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Property values may go down during a bad economy, but generally recover when times are good. However, if you are a Lake Oswego property owner impacted by, or proposed for 'sensitive lands' land use restrictions, your property may be devalued permanently.

During the July 12 city council meeting, use of the city-owned nine-acre Woodmont Park (a sensitive lands impacted property) as an alternative sports field was discussed and Councilor (Donna) Jordan raised questions regarding the purchase arrangements for this deed-restricted property. Councilor Jordan stated: 'It seems ridiculous to hold on to nine acres of very good property that is so deed restricted that we can't do anything with it …'

(City) Attorney (David) Powell explained: 'Where there's a real significant limitation, the city typically isn't going to pay a fair market value …'

For the past two years, Realtors, appraisers and attorneys have all told us that permanent land use restrictions like those of the 'sensitive lands' program devalue property. The city has consistently denied this. But now we know the city recognizes this fact and negotiates for a lower price.

It's also ironic that a councilor can willingly accept the restrictions that the 'sensitive lands' program arbitrarily places on more than 1,000 of our citizens' existing private backyards, while finding it 'ridiculous' that the city holds on to property with these same restrictions.

Make no mistake. The 'sensitive lands' program is a regulatory land use restriction program that, according to staff, 'trades' more upland tree/drainage regulation for less water regulation. It unfairly restricts some citizens' existing private backyards so the city can develop freely elsewhere. These onerous restrictions devalue private property and do so with no documented environmental benefit.

And now, even more restrictions may be on the way. On July 19, city council met to discuss proposed changes to the Community Development Code which, if passed, provide more restrictions that will result in even tighter regulations on private backyards despite the purported 'easing' of regulations promised to citizens with council's Dec. 13, 2010 vote (6 to 1) in favor of the sensitive lands program. From landscaping permits to an approved plant list, the city continues to increase its regulatory oversight of private properties, limiting citizen's use of their own backyards and devaluing what is for many in this community their greatest asset, their private property.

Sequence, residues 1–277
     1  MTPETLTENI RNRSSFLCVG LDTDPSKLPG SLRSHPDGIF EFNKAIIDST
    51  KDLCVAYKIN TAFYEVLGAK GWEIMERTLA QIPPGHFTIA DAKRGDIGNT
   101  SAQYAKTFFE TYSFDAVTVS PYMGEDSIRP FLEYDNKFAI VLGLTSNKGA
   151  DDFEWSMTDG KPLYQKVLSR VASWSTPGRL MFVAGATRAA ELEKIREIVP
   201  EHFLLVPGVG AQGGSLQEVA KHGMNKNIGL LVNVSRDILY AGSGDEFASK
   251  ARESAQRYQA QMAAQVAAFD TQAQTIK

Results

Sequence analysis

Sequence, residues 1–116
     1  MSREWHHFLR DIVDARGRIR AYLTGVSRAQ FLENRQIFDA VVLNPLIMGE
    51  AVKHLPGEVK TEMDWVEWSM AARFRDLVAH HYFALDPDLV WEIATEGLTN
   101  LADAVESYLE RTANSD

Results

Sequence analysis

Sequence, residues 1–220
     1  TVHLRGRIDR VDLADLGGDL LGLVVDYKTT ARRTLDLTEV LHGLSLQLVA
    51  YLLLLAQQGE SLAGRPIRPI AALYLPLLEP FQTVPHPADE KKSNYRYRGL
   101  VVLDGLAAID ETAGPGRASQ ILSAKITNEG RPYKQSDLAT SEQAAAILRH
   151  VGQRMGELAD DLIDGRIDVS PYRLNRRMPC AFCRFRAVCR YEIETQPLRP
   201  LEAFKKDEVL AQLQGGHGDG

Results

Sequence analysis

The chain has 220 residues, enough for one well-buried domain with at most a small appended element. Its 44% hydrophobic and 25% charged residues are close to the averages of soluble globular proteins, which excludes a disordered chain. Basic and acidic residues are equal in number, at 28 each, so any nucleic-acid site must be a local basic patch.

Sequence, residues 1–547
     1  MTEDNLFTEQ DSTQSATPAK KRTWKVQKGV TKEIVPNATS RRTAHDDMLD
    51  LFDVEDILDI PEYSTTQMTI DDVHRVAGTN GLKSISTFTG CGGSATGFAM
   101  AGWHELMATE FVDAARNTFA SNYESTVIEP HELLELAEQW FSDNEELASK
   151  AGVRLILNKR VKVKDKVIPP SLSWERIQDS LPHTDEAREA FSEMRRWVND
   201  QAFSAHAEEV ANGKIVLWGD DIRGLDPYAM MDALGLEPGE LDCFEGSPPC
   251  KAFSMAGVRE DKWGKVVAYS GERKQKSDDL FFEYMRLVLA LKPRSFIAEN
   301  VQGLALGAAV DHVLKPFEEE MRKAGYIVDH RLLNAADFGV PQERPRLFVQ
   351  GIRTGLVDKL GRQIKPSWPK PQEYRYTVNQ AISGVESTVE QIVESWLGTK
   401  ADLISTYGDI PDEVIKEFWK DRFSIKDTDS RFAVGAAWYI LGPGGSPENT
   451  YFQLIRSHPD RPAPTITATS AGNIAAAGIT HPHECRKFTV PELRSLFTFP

The 'sensitive lands' land use restriction program continues to grow in its divisive and discriminatory policies. It is arbitrary in its selection of properties, is devoid of any proof that it serves the environmental purpose the city claims it provides, has helped create a schism in the community and unfairly devalues private property, economically damaging the property owner as well as adjacent properties. All LO property owners should be concerned.

In response to Councilor Jordan's concern about holding on to property '… that is so deed restricted that we can't do anything with it …', who's willing to purchase it and for how much. (That's) the very same question more than 1,000 'sensitive lands' property owners in our community may ask considering the marketability and value of their land use restricted properties. The 'sensitive lands' program is a divisive, discriminatory and devaluing policy that needs to be changed.

Visit LOStewards.org and view video of the exchange between Councilor Jordan and Attorney Powell and see how you can support the LO Stewards' efforts.

Bob Thompson, Lake Oswego, is a member of LO Stewards PAC.